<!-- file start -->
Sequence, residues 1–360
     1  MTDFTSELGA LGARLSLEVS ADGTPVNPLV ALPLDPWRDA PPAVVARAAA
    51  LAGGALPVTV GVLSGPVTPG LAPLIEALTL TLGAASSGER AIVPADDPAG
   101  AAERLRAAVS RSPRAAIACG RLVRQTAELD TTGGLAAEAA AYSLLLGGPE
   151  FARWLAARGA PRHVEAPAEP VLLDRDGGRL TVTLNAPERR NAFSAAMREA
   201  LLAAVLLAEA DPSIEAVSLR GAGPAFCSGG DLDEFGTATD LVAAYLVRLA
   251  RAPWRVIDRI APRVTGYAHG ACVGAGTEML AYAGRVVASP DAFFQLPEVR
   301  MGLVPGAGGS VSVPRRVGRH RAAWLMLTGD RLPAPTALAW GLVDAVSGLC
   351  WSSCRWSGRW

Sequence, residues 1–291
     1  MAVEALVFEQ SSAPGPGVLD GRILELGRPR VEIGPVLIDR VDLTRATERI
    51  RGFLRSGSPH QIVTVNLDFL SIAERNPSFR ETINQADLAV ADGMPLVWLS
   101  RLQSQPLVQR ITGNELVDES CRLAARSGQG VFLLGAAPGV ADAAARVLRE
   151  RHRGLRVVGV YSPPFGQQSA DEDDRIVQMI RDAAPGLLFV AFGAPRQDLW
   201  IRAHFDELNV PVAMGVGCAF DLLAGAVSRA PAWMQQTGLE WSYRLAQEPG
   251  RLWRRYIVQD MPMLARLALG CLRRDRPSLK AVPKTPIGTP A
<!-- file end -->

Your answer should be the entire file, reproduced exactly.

Sequence, residues 1–360
     1  MTDFTSELGA LGARLSLEVS ADGTPVNPLV ALPLDPWRDA PPAVVARAAA
    51  LAGGALPVTV GVLSGPVTPG LAPLIEALTL TLGAASSGER AIVPADDPAG
   101  AAERLRAAVS RSPRAAIACG RLVRQTAELD TTGGLAAEAA AYSLLLGGPE
   151  FARWLAARGA PRHVEAPAEP VLLDRDGGRL TVTLNAPERR NAFSAAMREA
   201  LLAAVLLAEA DPSIEAVSLR GAGPAFCSGG DLDEFGTATD LVAAYLVRLA
   251  RAPWRVIDRI APRVTGYAHG ACVGAGTEML AYAGRVVASP DAFFQLPEVR
   301  MGLVPGAGGS VSVPRRVGRH RAAWLMLTGD RLPAPTALAW GLVDAVSGLC
   351  WSSCRWSGRW

Sequence, residues 1–291
     1  MAVEALVFEQ SSAPGPGVLD GRILELGRPR VEIGPVLIDR VDLTRATERI
    51  RGFLRSGSPH QIVTVNLDFL SIAERNPSFR ETINQADLAV ADGMPLVWLS
   101  RLQSQPLVQR ITGNELVDES CRLAARSGQG VFLLGAAPGV ADAAARVLRE
   151  RHRGLRVVGV YSPPFGQQSA DEDDRIVQMI RDAAPGLLFV AFGAPRQDLW
   201  IRAHFDELNV PVAMGVGCAF DLLAGAVSRA PAWMQQTGLE WSYRLAQEPG
   251  RLWRRYIVQD MPMLARLALG CLRRDRPSLK AVPKTPIGTP A